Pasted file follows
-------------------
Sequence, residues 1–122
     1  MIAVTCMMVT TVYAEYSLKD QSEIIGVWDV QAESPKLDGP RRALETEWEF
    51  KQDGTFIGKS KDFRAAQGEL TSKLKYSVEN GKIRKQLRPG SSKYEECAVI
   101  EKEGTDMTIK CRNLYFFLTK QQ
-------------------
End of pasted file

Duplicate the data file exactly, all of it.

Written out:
Sequence, residues 1–122
     1  MIAVTCMMVT TVYAEYSLKD QSEIIGVWDV QAESPKLDGP RRALETEWEF
    51  KQDGTFIGKS KDFRAAQGEL TSKLKYSVEN GKIRKQLRPG SSKYEECAVI
   101  EKEGTDMTIK CRNLYFFLTK QQ